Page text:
Articles tagged 'Labor Dept.'

Compensation, HR News & Trends

Voter Actions Undercut Federal Push for $10.10 Minimum Wage

minimum wage

By John E. Thompson

Earlier this month, several states and localities voted in favor of increasing their minimum wage.

Right on cue, many (including U.S. Secretary of Labor Thomas Perez) seized upon these results as ostensibly supporting an increase in the federal Fair Labor Standards Act‘s rate to $10.10 per hour.

On the contrary, the developments emphasize that no such nationwide action is either wise or warranted. Read more…

HR News & Trends, Legal Issues

NLRB General Counsel Goes After McDonalds and Business Franchises

mcdonalds

By Michael J. Lotito

In a move that could have a dramatic impact on the franchise business model, National Labor Relations Board General Counsel Richard Griffin has announced that his office intends to name a parent franchisor as a respondent in cases involving alleged unfair labor practices committed by franchisees if the parties are unable to reach a settlement.

According to the Board, the agency is currently investigating the various charges, and may name the franchisor company — fast food giant McDonalds  – as a joint employer should a complaint be issued. Read more…

HR News & Trends, Legal Issues

What Is an Intern? The Labor Dept. Lists the 6 Factors That Define One

internships

By John E. Thompson

We wrote some time ago about a lower federal court’s determination in Glatt v. Fox Searchlight Pictures that at least two unpaid interns were “employees” for federal Fair Labor Standards Act purposes.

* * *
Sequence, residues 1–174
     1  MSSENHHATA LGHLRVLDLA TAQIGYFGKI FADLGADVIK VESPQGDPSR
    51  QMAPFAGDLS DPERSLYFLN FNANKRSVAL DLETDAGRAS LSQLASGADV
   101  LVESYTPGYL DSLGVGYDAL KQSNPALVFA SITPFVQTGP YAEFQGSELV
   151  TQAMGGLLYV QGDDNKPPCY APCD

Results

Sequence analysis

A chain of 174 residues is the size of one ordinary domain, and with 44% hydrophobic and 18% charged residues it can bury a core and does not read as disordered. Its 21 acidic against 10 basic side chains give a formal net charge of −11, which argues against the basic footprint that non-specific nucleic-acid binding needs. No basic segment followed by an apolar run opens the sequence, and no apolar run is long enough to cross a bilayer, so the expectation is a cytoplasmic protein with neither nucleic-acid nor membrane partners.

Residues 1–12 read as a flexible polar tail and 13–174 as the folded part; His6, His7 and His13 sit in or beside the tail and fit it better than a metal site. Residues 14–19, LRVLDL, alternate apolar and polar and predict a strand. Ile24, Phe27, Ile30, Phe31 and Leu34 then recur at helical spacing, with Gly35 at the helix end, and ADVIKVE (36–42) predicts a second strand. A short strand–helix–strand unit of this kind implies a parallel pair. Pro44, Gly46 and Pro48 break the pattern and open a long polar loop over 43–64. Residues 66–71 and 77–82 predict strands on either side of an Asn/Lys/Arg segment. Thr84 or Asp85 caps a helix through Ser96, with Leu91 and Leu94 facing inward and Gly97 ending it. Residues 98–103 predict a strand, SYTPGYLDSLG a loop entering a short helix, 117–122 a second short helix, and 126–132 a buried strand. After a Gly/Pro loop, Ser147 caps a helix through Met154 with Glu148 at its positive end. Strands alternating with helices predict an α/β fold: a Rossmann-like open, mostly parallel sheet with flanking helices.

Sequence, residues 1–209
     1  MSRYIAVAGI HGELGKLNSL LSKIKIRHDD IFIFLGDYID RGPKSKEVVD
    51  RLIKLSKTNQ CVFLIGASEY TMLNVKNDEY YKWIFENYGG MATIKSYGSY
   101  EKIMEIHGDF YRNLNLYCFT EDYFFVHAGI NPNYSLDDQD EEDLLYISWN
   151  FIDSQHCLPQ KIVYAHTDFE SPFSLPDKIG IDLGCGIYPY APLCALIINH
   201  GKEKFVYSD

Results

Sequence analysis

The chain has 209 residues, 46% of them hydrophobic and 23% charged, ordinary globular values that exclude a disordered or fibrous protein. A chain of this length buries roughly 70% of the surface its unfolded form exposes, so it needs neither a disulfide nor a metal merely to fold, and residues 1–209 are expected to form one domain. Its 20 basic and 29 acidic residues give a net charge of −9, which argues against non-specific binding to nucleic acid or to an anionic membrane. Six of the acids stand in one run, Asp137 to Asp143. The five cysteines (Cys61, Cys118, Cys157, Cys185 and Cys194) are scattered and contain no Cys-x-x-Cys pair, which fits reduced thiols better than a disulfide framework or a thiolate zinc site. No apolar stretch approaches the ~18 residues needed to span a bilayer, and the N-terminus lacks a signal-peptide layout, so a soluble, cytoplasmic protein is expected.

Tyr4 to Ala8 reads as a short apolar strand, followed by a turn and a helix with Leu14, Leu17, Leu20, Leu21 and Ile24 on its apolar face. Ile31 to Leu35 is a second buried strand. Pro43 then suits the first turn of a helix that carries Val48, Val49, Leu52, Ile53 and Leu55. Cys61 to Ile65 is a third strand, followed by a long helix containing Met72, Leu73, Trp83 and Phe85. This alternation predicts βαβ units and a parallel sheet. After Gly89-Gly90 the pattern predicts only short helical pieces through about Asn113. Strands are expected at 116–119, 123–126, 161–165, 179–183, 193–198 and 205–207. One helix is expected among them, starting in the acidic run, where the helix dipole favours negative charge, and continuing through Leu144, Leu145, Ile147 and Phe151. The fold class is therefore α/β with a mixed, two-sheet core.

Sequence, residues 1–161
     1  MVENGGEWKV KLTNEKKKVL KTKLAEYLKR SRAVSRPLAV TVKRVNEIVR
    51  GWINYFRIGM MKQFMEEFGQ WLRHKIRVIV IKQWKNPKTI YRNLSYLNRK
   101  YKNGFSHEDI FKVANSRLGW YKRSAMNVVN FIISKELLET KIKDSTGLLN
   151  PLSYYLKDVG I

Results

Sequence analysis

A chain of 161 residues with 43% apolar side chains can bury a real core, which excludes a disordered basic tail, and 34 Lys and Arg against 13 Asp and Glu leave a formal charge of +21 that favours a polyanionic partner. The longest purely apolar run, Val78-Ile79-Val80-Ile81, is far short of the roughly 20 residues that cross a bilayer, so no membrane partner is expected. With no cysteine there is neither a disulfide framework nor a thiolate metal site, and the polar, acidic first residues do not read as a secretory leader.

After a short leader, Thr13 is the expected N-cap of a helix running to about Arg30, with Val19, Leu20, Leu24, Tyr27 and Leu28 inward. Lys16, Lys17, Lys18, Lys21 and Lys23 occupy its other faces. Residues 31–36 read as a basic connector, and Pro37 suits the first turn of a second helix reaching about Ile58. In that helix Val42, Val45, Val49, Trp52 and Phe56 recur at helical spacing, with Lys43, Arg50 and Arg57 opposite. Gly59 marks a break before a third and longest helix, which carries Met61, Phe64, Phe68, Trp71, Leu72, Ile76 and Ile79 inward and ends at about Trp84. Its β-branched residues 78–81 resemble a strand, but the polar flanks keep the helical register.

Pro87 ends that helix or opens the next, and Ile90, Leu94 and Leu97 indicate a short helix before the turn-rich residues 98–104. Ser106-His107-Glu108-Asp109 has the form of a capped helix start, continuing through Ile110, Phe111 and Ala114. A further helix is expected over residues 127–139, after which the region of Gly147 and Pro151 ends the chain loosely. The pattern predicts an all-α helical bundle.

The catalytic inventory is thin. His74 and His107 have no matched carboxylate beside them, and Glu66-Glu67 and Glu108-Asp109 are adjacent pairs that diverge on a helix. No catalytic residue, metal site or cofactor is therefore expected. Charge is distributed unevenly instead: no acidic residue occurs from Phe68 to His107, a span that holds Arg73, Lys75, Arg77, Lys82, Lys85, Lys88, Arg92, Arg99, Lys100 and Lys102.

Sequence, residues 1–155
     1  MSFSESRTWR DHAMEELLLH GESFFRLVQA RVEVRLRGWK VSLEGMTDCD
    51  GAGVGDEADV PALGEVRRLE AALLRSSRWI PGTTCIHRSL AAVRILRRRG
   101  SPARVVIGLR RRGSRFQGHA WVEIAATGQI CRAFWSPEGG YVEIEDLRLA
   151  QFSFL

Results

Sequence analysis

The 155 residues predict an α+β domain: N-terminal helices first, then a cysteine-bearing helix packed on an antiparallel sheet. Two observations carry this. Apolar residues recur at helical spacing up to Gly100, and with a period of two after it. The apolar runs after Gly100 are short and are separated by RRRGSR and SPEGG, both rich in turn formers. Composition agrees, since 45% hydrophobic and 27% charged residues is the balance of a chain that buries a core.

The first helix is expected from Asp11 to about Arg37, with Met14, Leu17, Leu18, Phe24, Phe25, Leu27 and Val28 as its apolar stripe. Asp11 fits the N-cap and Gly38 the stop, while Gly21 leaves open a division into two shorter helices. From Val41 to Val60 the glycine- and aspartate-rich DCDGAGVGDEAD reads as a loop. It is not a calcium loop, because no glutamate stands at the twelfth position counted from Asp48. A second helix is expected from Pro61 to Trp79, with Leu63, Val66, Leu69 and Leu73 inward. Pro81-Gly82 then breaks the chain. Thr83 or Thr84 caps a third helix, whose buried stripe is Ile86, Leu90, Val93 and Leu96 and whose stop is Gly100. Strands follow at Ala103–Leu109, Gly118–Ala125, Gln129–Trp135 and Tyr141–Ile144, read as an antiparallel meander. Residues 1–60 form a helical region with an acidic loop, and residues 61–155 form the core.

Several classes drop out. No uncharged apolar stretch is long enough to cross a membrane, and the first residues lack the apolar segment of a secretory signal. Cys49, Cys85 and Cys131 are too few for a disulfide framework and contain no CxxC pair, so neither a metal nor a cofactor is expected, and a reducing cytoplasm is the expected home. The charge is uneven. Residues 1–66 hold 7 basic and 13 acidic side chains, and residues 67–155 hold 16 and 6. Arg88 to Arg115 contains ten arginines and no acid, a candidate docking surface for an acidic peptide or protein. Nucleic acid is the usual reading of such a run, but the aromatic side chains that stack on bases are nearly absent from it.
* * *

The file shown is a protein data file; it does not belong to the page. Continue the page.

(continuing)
This ruling is now being reviewed by the New York-based Second U.S. Circuit Court of Appeals (with jurisdiction over Connecticut, New York, and Vermont). The U.S. Department of Labor has submitted a friend-of-the-court brief in which it supports the lower court’s decision.

The Labor Department’s filing provides some interesting insight into its views about when an intern is an “employee” for purposes of the FLSA’s requirements. Read more…

HR News & Trends, Legal Issues

High Court Extends Sarbanes-Oxley Whistleblower Law to Most Employees

123RF Stock Photos

By Ed Ellis, Gregory Keating, and Stephen Melnick

In Lawson v. FMR LLC, the U.S. Supreme Court massively expanded the scope of the anti-retaliation provision of the Sarbanes-Oxley Act (SOX), from 4,500 publicly held companies to millions of private companies that are “contractors,” “subcontractors” or “agents” of a publicly held company.

Going forward, privately held employers should be aware that SOX provides a remedy for almost all U.S. employees who suffer adverse employment actions for reporting fraud. Employers should train their management and human resources personnel to identify potential employment issues of this type and remedy them before they become costly litigation. Read more…

HR Basics, Legal Issues

Get Ready, Because the H-1B Visa Games Are Ready to Begin

H-1B-Visa

By Shanon R. Stevenson

The Hunger Games Katniss Everdeen’s bow and arrow will not help employers on April 1, 2014 when the competition for H-1B work visas begins.

On April 1, the U.S. Citizenship and Immigration Services (USCIS) begins accepting H-1B petitions for foreign workers in professional or specialty occupation jobs to fill the 65,000 available slots for applicants who hold a bachelor’s degree or the equivalent and the 20,000 available slots for applicants who hold a U.S. master’s degree or higher. Read more…

Compensation, HR News & Trends

Curtailing “White Collar” Overtime Exemptions Will Take a Lot of Work

No-overtime

By John E. Thompson